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Osteoporosis - Cambridge Health and Performance

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					                                    Osteoporosis

Osteoporosis means porous bones. Bones affected by osteoporosis are less dense than
normal bones. They are also more likely to break, even as a result of a minor bump or
fall, or even without an injury.

It is around four times more common in women than men, and most common in
women who have been through the menopause. About three million people in the UK
are affected - one in three women and one in 12 men over the age of 50. Each year
there are around 70,000 hip, 120,000 spine and 50,000 wrist fractures due to
osteoporosis.

What is osteoporosis?

The inside of a bone consists of a strong mesh made of protein and minerals
(particularly calcium). This mesh is living tissue that is constantly being renewed by a
process called bone turnover. Old, worn out bone is broken down and absorbed by the
body while, at the same time, new bone tissue is created from fresh protein and
minerals.




                                  The structure of bone

In children and young people, more new bone is created than is broken down. This
makes bones bigger and more dense.

The bones are at their strongest when the peak bone mass is reached, and this usually
occurs in a person's mid-twenties. Peak bone mass is then maintained for about ten
years, with roughly equal amounts of bone creation and breakdown. After the age of
about 35, bone loss begins to overtake creation as part of the normal aging process.
With osteoporosis, the process happens much more quickly, leading to premature
bone weakness.


               Dr C A Speed BMedSci, MA, Dip Sports Med, PhD, FRCP, FFSEM
                    Consultant in Rheumatology, Sport & Exercise Medicine
                                     Cambridge & London
                       c/o Cambridge Centre for Health and Performance
                                   speedhq@btinternet.com
As well as bones, such as the wrist or hip, breaking more easily than usual,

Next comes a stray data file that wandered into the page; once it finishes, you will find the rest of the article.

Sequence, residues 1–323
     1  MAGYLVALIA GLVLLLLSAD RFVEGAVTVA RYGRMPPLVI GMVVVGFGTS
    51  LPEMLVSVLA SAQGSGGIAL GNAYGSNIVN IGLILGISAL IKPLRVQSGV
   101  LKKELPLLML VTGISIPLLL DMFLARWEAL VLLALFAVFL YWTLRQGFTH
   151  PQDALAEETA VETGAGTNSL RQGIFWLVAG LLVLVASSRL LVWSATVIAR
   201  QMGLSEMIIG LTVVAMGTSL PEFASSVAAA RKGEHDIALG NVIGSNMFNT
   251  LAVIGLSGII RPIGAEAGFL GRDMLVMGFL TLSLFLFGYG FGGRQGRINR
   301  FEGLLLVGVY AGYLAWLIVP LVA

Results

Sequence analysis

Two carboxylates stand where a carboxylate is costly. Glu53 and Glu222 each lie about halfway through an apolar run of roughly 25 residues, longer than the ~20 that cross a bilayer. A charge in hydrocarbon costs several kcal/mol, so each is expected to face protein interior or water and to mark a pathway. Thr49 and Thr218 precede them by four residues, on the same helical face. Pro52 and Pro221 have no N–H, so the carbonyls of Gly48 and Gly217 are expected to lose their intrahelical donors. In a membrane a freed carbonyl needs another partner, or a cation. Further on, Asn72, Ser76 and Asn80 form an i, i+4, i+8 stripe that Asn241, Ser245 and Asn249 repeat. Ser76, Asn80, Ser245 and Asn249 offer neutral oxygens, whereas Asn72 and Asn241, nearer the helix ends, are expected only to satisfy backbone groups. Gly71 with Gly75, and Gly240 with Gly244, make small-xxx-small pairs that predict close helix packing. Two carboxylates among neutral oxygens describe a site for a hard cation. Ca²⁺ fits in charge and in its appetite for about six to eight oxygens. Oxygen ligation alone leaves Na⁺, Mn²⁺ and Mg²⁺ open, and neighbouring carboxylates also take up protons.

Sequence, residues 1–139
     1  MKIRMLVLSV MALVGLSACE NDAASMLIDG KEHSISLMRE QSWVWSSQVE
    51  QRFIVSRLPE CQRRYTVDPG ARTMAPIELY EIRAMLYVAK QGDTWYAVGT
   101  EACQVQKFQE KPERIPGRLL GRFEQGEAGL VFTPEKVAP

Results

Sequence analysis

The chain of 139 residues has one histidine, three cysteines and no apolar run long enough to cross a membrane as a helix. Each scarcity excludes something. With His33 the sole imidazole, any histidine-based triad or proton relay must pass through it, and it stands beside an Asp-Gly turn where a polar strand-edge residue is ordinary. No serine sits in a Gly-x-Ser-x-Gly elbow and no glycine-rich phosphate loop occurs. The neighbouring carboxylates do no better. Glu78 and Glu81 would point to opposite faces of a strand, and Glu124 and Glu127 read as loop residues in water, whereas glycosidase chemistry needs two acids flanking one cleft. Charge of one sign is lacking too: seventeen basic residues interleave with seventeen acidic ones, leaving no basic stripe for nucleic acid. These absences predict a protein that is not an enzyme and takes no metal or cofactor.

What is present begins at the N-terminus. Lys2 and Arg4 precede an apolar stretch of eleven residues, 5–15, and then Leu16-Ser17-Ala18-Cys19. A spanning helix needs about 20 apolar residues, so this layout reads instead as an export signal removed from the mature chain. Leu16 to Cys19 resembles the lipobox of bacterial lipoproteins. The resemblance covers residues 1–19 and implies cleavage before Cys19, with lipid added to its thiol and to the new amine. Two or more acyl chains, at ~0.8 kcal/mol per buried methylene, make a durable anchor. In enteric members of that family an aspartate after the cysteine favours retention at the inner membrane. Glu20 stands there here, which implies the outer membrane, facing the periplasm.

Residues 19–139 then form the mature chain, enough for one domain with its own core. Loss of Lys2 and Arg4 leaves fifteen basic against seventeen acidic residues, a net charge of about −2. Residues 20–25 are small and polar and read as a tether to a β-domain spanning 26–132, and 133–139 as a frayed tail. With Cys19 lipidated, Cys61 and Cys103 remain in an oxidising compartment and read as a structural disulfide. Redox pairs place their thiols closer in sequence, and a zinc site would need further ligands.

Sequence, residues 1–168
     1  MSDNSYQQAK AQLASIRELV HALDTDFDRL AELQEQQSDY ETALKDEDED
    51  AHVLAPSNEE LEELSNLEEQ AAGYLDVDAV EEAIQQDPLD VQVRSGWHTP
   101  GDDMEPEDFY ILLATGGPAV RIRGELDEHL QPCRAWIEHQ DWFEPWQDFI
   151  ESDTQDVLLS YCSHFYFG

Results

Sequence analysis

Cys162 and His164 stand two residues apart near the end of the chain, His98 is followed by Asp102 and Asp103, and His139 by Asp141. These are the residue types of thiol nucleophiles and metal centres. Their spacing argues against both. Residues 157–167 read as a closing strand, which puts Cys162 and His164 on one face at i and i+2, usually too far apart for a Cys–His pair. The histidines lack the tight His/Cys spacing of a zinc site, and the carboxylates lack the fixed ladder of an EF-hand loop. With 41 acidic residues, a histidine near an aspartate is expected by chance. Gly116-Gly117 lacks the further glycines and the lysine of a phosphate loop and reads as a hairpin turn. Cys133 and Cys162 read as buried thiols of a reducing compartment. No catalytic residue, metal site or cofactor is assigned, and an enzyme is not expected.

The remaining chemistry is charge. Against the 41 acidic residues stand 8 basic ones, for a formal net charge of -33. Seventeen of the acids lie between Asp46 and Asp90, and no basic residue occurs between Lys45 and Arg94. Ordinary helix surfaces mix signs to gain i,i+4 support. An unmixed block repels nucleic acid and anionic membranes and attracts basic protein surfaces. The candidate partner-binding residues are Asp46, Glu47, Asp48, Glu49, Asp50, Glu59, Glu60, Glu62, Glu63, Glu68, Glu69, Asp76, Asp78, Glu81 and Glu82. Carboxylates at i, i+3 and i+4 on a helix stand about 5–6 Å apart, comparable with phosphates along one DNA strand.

osteoporosis can result in small fractures of the bones in the spine. This can cause a
curved back and a loss of height.



Low levels of oestrogen

The female hormone oestrogen reduces the amount of bone that is broken down and
so helps to protect against osteoporosis. In women, the ovaries make oestrogen from
puberty to the menopause. Any condition that reduces the number of years that a
woman produces oestrogen tends to increase the risk of osteoporosis. These risks
include:

   •   having an early menopause (before the age of 45),
   •   an early hysterectomy (before the age of 45, especially if both ovaries are
       removed),
   •   missing periods for six months or more as a result of over-exercising or over-
       dieting (especially due to anorexia).

Other risk factors

Men who have low levels of the male hormone, testosterone, are also at a higher risk
of osteoporosis. For both men and women, the following factors also increase the risk
of developing osteoporosis:

   •   Long-term use of steroid tablets
   •   A family history of broken hips,
   •   Digestive disorders that affect absorption of nutrients, such as Crohn's disease
       or ulcerative colitis,
   •   Lack of exercise Moderate weight bearing exercise keeps the bones strong
       during childhood and throughout adulthood. Anyone who does not exercise, or
       has an illness or disability which makes exercise difficult, will be more prone
       to losing calcium from the bones, and so more likely to develop osteoporosis.
       Exercise is therefore very important in preventing osteoporosis.
   •   Excessive exercise: Those who exercise very intensively, in particular
       endurance athletes with low body weight, are at an increased risk of
       osteoporosis at ceetain sites in their body. This may result in frequent stress
       fractures or poor healing of sports injuries, in addition to overt bone fracture.
       Males and females can be affected, although the condition is more frequently
       diagnosed in females. See The Female Athlete Triad for further information.
   •   Poor diet A diet which does not include enough calcium or vitamin D can
       make osteoporosis more likely (see below).



                Dr C A Speed BMedSci, MA, Dip Sports Med, PhD, FRCP, FFSEM
                     Consultant in Rheumatology, Sport & Exercise Medicine
                                      Cambridge & London
                        c/o Cambridge Centre for Health and Performance
                                    speedhq@btinternet.com
   •   Heavy smoking Tobacco lowers the oestrogen level in women and may cause
       early menopause. In men, smoking lowers testosterone activity and this can
       weaken the bones.
   •   Heavy drinking A high alcohol intake reduces the ability of the body's cells